Charles Hardin Holley (September 7, 1936 – February 3, 1959), better known as Buddy Holly, was an American singer, songwriter, and a pioneer of Rock and Roll. The change of spelling of Holley to Holly came about because of an error in a contract he was asked to sign, listing him as Buddy Holly. That spelling was then adopted for his professional career. The original spelling of "Holley" was engraved on his headstone (see photo).
Buddy Holly is considered one of the founding fathers of rock 'n roll and one of its most influential. Although his career was cut short, his body of work is considered among the best in rock music history and his music would influence not only many of his recording contemporaries, but also the future direction music would take.
Buddy Holly was born Charles Hardin Holley in Lubbock, Texas to Lawrence Odell Holley and Ella Pauline Drake. The Holleys were a musical family and as a young boy, Holley learned to play the violin (his brothers oiled the strings so much that no one could hear him play), piano and guitar. In the fall of 1949, he met Bob Montgomery at Hutchinson Jr. High School. They shared a common interest in music and soon teamed up as the duo "Buddy and Bob". Initially influenced by bluegrass music, they sang harmony duets at local clubs and high school talent shows.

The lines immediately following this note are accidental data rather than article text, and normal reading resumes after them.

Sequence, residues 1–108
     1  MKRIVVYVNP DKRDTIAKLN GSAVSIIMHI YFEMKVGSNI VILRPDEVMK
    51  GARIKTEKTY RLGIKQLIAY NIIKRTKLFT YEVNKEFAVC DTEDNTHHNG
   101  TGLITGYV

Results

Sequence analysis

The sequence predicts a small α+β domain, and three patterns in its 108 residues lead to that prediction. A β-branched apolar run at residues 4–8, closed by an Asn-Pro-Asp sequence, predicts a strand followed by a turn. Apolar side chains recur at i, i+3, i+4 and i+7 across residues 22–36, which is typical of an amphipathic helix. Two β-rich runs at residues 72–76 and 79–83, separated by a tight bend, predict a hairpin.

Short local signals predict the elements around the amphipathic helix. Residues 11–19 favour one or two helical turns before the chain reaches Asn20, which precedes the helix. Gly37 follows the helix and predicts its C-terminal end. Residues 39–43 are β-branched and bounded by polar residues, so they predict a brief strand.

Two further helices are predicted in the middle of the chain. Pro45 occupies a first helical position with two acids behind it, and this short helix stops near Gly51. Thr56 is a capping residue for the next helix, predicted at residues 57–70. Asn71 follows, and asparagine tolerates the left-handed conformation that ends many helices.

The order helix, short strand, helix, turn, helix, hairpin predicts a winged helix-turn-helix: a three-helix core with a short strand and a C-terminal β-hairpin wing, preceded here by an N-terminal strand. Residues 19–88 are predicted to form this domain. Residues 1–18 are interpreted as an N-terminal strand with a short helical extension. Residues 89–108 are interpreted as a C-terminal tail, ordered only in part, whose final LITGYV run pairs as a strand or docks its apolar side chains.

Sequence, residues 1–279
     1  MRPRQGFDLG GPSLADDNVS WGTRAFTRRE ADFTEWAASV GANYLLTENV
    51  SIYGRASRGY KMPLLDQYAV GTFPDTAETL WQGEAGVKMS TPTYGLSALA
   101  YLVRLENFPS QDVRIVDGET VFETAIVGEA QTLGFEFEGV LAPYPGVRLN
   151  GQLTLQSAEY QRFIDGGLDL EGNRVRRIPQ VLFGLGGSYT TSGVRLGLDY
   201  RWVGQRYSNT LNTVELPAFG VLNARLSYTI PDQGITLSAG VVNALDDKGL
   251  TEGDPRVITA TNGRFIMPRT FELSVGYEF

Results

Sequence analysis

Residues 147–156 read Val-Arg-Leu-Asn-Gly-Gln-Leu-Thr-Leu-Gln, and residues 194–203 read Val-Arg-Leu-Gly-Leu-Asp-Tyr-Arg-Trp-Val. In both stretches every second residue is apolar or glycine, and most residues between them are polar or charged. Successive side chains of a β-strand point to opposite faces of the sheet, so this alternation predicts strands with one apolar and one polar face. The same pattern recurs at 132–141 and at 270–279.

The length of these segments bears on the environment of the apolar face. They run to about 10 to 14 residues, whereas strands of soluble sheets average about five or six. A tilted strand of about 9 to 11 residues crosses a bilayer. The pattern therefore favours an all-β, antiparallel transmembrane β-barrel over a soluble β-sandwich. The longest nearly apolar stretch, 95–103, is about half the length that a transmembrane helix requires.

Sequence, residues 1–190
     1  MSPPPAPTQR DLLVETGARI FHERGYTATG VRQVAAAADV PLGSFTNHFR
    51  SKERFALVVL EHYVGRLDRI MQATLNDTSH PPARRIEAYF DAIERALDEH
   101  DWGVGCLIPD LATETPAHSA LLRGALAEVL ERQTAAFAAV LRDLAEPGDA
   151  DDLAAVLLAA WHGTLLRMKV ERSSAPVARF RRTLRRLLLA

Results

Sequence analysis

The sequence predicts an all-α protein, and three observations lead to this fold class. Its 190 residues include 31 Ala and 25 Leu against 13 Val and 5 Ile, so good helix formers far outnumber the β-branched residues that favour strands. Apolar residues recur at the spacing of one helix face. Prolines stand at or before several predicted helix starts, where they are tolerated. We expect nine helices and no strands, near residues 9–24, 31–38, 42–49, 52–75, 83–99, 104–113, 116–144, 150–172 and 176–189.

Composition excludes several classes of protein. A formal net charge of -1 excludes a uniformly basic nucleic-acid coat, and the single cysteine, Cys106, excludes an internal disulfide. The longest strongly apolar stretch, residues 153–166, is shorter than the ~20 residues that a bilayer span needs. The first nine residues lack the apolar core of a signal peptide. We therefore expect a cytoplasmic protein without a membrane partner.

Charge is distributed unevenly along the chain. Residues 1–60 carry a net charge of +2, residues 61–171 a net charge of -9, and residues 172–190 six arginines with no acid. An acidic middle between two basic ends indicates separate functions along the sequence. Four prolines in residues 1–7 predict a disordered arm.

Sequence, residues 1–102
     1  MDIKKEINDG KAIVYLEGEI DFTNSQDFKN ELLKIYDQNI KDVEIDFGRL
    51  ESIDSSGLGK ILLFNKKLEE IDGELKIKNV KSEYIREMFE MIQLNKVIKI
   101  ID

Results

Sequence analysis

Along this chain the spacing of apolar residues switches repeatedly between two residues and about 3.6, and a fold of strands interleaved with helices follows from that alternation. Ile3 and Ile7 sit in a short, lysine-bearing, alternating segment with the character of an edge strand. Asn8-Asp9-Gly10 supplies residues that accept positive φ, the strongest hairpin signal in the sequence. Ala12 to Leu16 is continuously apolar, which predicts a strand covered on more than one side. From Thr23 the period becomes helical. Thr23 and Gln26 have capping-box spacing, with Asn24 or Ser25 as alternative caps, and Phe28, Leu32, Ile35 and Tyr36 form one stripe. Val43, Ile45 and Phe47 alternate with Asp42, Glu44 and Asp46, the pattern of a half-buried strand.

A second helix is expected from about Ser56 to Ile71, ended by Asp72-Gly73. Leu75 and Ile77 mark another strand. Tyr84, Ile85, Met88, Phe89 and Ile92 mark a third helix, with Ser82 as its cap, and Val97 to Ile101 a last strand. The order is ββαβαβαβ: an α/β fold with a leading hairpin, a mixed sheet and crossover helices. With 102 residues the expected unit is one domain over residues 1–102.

Holly turned to rock music after seeing Elvis Presley sing live in Lubbock in early 1955. A few months later, he appeared on the same bill with Presley, also in Lubbock. Holly's transition to rock was finalized when he opened for Bill Haley & His Comets at a local rock show organized by Eddie Crandall, who was also the manager for Marty Robbins. As a result of this performance, Holly was offered a contract with Decca Records to work alone, which he accepted. According to the Amburn book (p.45), his public name changed from "Holley" to "Holly" on February 8, 1956, when he signed the Decca contract. Among the tracks recorded for Decca was an early version of "That'll Be The Day", which took its title from a phrase that John Wayne's character said repeatedly in the 1956 film, The Searchers.
Back in Lubbock, Holly formed his own band, The Crickets, and began making records at Norman Petty's studios in Clovis, New Mexico. Among the songs they recorded was what became the hit version of "That'll Be the Day". Norman had music industry contacts, and believing that "That'll Be the Day" would be a hit single, he contacted publishers and labels. Coral Records, a subsidiary of Decca, signed Buddy Holly and The Crickets. This put Buddy in the unusual position of having two record contracts at the same time. Before "That'll Be The Day" had its nationwide release and became a smash hit, Holly played lead guitar on the hit-single "Starlight", recorded in April 1957, featuring Jack Huddle. The initial, unsuccessful version of "That'll Be The Day" played more slowly and about half an octave higher than the hit version.
Holly's music was sophisticated for its day, including the use of instruments considered novel for rock and roll, such as the celesta (heard on "Everyday"). Holly was an influential lead and rhythm guitarist, notably on songs such as "Peggy Sue" and "Not Fade Away". While Holly could pump out boy-loves-girl songs with the best of his contemporaries, other songs featured more sophisticated lyrics and more complex harmonies and melodies than had previously appeared in the genre.